Attacks That Have Changed the Way We Work and Train

One of the advantages of age – and so far, the only advantage I have found – is that I have witnessed some of the events that changed the way the industry works and trains. These were “game-changing incidents”–vehicle attacks that rewrote the rules for close protection and security driving.

Watershed Events

The two watershed events were the ambush and eventual assassination of Aldo Moro and Hans Martin Schleyer. These two vehicle attacks happened in the late 70s, approximately six months apart. Before these two events, security practitioners were having a hard time convincing management that moving from point A to point B in a vehicle was a problem that needed some attention. In the late 70s, the EP and security driving training businesses were in their infancy. Unlike the modern environment, where the phrase “security driver and secure transportation” is used by many as a marketing term, in the 70s, you could count the number of companies supplying those services on one hand, minus some fingers.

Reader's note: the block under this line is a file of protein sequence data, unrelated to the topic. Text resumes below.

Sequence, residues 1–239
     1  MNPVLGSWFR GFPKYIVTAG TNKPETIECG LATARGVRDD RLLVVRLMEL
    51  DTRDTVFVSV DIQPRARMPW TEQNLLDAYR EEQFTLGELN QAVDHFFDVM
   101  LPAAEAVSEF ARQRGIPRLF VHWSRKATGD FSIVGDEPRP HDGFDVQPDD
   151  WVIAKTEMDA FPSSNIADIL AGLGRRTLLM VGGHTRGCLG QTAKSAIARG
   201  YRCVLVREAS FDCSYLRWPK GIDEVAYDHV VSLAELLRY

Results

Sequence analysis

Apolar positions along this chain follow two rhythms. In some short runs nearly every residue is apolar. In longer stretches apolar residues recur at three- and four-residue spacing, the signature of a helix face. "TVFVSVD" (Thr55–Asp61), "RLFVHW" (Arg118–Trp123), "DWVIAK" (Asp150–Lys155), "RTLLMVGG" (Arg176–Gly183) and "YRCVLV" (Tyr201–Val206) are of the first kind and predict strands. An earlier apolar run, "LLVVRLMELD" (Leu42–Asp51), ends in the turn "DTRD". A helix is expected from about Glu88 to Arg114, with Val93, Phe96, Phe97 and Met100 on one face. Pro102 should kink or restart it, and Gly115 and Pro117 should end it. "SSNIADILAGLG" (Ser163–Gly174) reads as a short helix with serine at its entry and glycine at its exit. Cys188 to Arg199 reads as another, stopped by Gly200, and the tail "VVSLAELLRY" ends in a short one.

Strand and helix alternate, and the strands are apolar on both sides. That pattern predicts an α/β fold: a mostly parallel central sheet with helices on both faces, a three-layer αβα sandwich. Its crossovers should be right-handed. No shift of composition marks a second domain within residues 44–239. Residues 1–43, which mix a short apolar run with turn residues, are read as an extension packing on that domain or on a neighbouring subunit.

During that period, a comment I heard many times from executives was, “The terrorists aren’t organized. After all, we’re dealing with the unsophisticated rabble.” In their eyes, the solution was to put a guy with a gun next to the driver and maybe guys with more guns in a vehicle following the boss. Problem solved.

Moro and Schleyer got everyone’s attention because they had what was considered at the time to be good and effective “protection.” But they were still kidnapped, and their bodyguard teams were eliminated rather easily. These two vehicle attacks, although decades old, shaped what we do; they were the catalyst for creating an industry. It got the C Suite management thinking that maybe we needed to look at things differently.


After many meetings and forensic analyses of the events, these were some of the conclusions:

  • Terrorists plan what they do.
  • Having guys with guns does not solve the problem – it creates a different problem.
  • Because you’re a good cop doesn’t mean you’re a good bodyguard!
  • Armored cars are worth the expense.
  • The protection team is expendable.

During the next thirty-five years, many other events were skill-setting events.

  • Alfred Herrhausen – Germany
  • Sidney Reso – New Jersey
  • Butler – Colombia

This is my shortlist; what events would you add?

You can view the Moro and Schleyer events on the ISDA YouTube channel. We suggest subscribing to the channel if you are interested in secure transportation.